Thursday, November 20, 2014

Exploring Cherokee, North Carolina

Our first day out of the cabin, we did some exploring....We wanted to see the town of Cherokee, home of the Eastern band of the Cherokee Indians, town population of about 2100. Not a big town, but BIG in the sense of the cultural history of the Cherokee. The area is rich in history, song, dance, native regalia and of course stories--the stories of how things came to be, fascinating stories.......The city offers the Harrah's Cherokee Casino, an 18 hole Sequoiah National Golf Course,  a large arts and crafts cooperative called the Qualla Center, along with the town being the gateway to the Great Smoky Mountains National Park, with over 800 miles of terrific hiking trails. There's a LOT to see and do here in Cherokee. The Visitor's Center is staffed by members of the Cherokee tribe.

One of the first things that caught Sparky's eye were the bilingual signs everywhere, in English and the Cherokee language. And then, she saw the bears.....they were all over town. Sparky wanted to see REAL bears, and that never happened this week, but that's ok, these Cherokee bear sculptures done by native artists, were very cool....There were quite a few up and down the main street from the visitor's center, which had this cool decorated van parked there. It was very interesting to learn about the Cherokee Bears...
The brown bear with all the symbol markings is called the Pottery bear. The bear with the red hat is the Sequoah Bear, who represents the Cherokee leader named Sequoyah, who was a Cherokee silversmith. He completely created a Cherokee syllabary, which made reading and writing in Cherokee possible. This was the only time in recorded history that someone designed a system that was effective in creating a group of literate people from previous illiteracy and Sequoyah was the man responsible. The Cherokee quickly adopted this system and became more literate than their European counterparts in the area! The black and white bear with the turquoise stripes celebrates this syllabary. He's called the Language Bear. There are approximately nineteen bears located throughout Cherokee, NC....You can find out more about the bears at the visitor center. 

There's a wonderful Museum of the Cherokee Indian in town....Sparky went and saw that this week...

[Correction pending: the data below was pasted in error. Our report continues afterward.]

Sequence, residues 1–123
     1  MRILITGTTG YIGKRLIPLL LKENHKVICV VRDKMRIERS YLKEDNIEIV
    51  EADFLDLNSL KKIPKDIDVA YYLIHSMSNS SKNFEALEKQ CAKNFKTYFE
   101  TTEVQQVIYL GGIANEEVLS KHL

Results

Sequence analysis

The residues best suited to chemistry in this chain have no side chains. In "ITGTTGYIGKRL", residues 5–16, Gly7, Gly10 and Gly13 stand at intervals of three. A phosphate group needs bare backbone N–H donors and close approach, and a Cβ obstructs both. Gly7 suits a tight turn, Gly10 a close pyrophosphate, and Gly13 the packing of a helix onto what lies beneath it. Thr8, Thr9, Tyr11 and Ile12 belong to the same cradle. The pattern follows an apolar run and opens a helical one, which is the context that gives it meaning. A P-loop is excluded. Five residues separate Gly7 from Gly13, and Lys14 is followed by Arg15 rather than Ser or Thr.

You need a Kleenex to walk through the museum-- the stories of the treatment our native Americans is appalling and upsetting, and not covered very well in American history. A very dark time in the history of our country, and Sparky learned a LOT about what happened in the course of events that led to the Trail of Tears, the eviction and march of the Indians to the west.

The Qualla Arts Cooperative was just beautiful....Cherokee arts and crafts (right up Sparky's alley, explains E.), finger woven scarves and belts, wood and stone carvings, dramatic masks, and beautifully woven baskets of all shapes and sizes. NOTHING made in China, it's all authentic. It's one of the oldest and leading Native American arts cooperatives in the United States. The showroom and gallery are free and open to the public.

Cherokee has two big events that are open most of the year. One is the Oconaluftee Indian Village which depicts life in the 1760's for the Cherokee. It's open from May 1 thru early October, and this year it closed October 18th, so we didn't get to see it. Performances there called "A Time of War" demonstrate the struggles between the Cherokee and European settlers. Bet that would be interesting! Another special event is called "Unto These Hills". It's an outdoor drama that depicts 11,000 years of Cherokee history. It was also closed for the year.

We walked around a bite to eat at the local Burger King...And saw this guy in there...Now that's something you don't see every day in your local town Burger King!
Cherokee does their best to bring native American stories, dance and regalia to the public if the public doesn't choose to go visit some of the sites. They have story tellers and dancers on the main street in several different mini stage locations ready to regale you with stories and lore. There are also many native, touristy shops along the main drag. We didn't go into any of them, that just wasn't our interest while we were there.

As we continued out of town, we headed to the Great Smokey Mountains National Park to explore the park, something we did almost every day we were there..Sparky quickly picked up some GREAT books at the visitor's center...Hiking books, waterfall books and more....More about our NC travels next time...See you on some beautiful trails and waterfall sites!

1 comment:

  1. I have been to Cherokee several times but many years ago. It sounds as though the town has picked up economically. I saw Unto these Hills. It's been running a LONG time. Sounds like you just missed the dramatic presentations, that's too bad. I have read a great deal about the Trail of Tears and what lead up to it so I'd love to see the museum. You are so right that we should be ashamed of our government and Andrew Jackson in particular. WHEN is our government going to apologize formally to the Native People for what was done to them?